HOW TO FILE A NOTICE OF INTENT
IT'S TIME TO DIG.
Here is some basic information but not all inclusive and may not be the most current information.
This article covers information about "permitting" a NOI if you want to sample with heavy equipment for a number of reasons including a small placer operation, excavating and metal detecting, or excavating a vein.
CREDIT: A big THANK YOU to those in the BLM that occasionally review the information on this site and suggest changes and updates.
A lot of people view these pages from all around the world to try to learn about mining, permitting, and other things. This knowledge is free and mostly public information and the whole idea is to make it easier on the people at the Field Offices so when they get an NOI, it is complete as possible so their job is easier. I realize there is nothing more frustrating than having a claimant that doesn't read the requirements and you have to repeatedly request more information. It must make them wonder how closely they will have to keep track of your activities and it takes time away from other work. Often times a claimant will have a ton of questions about what they can and can NOT do. Reading the applicable CFR is a good start, but there are interpretations and case law that matter. If you absolutely can not find the answer ALWAYS ask before doing it. Getting to know the people at the Field Office will get you off on the right foot and give you solid information to work with in planning your project.
LET'S GET STARTED
A Notice of Intent is a pretty simple process that allows you the chance to put down the shovel and move a substantial amount of dirt with little effort. You may want a small portable digger, a backhoe, excavator, or bulldozer for your sampling.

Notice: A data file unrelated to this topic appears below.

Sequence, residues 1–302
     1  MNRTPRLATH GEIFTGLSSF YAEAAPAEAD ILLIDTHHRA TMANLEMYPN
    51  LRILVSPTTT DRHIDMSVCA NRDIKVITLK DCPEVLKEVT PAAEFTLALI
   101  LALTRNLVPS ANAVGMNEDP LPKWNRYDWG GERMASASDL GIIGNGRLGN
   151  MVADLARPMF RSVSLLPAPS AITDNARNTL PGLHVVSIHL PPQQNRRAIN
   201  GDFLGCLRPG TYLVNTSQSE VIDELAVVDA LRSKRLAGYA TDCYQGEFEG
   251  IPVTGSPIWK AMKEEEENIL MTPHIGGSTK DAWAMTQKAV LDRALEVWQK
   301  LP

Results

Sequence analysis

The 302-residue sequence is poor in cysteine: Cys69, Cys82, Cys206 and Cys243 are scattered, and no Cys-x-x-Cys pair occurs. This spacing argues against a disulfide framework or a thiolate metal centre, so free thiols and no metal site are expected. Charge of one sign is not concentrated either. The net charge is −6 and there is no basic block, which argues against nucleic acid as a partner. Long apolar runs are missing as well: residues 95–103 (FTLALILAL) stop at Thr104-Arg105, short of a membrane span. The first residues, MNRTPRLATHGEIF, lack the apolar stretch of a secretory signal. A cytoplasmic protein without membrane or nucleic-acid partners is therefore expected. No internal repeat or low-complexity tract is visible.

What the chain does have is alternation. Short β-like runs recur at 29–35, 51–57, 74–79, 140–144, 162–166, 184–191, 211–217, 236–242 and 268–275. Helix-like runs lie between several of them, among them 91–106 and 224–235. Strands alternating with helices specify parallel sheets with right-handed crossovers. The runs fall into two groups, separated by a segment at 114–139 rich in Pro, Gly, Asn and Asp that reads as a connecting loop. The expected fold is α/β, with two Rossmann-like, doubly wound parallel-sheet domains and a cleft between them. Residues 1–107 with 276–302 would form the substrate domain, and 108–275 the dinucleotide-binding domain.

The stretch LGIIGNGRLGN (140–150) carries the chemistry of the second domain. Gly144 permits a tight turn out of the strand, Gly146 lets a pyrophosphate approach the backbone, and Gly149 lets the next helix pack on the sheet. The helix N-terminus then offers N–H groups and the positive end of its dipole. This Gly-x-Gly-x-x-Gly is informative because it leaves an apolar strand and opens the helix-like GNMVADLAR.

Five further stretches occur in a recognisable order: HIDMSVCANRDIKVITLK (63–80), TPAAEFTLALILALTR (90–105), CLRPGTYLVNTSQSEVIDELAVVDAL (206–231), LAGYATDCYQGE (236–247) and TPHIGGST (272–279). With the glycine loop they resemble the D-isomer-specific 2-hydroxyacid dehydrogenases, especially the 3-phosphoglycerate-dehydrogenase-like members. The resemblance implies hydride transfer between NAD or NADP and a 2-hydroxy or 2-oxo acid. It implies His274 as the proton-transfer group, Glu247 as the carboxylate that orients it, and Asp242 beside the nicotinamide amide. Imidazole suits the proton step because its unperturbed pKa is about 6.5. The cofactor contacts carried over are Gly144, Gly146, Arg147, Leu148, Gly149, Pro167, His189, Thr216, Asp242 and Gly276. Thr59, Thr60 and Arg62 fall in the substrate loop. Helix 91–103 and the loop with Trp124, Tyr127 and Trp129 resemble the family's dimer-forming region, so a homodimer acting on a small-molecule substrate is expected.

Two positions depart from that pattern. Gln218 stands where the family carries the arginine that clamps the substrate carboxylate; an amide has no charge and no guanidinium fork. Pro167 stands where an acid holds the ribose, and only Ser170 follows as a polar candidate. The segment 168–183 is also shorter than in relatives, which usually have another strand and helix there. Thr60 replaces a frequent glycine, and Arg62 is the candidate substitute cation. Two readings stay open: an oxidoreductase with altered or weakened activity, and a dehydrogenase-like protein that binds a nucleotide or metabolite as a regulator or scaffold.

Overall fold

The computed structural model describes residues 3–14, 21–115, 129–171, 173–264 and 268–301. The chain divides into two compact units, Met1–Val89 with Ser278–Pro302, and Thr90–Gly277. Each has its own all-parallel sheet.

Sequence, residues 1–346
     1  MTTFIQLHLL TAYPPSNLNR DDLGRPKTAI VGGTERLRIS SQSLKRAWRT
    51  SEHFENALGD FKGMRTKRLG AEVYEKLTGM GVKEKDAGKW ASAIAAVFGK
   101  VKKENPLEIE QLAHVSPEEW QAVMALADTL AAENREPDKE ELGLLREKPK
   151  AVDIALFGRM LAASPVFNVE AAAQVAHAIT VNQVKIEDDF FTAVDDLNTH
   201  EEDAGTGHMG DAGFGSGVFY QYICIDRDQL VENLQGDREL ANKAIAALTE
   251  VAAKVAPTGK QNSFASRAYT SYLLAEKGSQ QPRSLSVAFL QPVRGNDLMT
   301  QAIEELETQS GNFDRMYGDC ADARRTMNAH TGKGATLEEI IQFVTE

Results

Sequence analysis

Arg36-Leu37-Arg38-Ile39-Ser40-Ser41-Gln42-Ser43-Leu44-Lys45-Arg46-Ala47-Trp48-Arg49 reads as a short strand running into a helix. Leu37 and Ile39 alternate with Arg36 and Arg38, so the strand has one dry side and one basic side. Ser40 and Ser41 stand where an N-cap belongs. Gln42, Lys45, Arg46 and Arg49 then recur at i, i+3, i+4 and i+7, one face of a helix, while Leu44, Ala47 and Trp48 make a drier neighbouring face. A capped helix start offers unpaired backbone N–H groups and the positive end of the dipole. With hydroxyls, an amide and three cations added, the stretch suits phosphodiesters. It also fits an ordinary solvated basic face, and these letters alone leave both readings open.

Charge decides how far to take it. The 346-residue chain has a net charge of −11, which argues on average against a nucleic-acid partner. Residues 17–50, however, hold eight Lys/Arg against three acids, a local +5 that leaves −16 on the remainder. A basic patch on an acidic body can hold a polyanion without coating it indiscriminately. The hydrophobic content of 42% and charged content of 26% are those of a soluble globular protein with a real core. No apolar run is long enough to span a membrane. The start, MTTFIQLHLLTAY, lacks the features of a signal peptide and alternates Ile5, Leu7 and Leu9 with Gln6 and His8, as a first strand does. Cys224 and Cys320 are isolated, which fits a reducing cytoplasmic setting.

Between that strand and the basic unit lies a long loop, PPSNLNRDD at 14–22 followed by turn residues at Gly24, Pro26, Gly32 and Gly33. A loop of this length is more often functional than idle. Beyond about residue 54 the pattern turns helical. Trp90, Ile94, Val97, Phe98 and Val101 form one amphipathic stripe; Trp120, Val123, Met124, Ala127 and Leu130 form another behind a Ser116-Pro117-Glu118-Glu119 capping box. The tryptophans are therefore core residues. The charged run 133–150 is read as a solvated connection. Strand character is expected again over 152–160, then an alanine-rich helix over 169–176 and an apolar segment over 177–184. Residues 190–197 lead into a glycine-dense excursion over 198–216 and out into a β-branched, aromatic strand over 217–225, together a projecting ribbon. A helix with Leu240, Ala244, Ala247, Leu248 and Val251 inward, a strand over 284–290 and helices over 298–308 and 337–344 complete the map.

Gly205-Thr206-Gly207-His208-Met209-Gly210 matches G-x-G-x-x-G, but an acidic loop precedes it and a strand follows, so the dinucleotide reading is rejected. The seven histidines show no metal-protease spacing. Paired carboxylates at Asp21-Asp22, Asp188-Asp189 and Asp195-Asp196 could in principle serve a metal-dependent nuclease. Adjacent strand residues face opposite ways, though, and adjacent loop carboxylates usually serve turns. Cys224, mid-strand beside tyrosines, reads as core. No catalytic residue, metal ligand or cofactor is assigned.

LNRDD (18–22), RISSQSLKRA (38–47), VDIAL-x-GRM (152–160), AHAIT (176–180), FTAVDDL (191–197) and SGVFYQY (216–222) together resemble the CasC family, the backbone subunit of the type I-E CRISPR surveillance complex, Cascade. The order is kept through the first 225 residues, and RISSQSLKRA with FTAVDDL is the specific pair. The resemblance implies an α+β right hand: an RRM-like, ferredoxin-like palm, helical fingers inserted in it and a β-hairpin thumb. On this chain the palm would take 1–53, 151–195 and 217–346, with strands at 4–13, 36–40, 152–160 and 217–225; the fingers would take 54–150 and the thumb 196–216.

Under a Notice of Intent, the maximum surface disturbance is 5 acres which includes any roads you may need to make to get to your exploration sites. The bulk sampling limit is 1,000 tons. Setting up your own sampling operation can be cheap if you look for the right deals on equipment. A simple setup can include a backhoe, screen, sluice box, water tub, water pump, and a water container for transporting water. If your soil conditions are right, you may dig it and run it through a drywash plant. You may also simply dig the dirt and metal detect it for nuggets. All of these methods can be effective if you've got the right mining claim.
The purpose of the Notice of Intent is to allow bulk sampling of the site to determine whether the site has potential to be developed into a full blown mine. So this is one step in the process. Be as organized and thorough as you can in sampling. You are there to determine if your hand sampling matches your bulk sampling. It is almost certain that the next step, a Plan of Operation, will require a paid mining professional. When they review your sampling notes, be sure you are as complete as possible.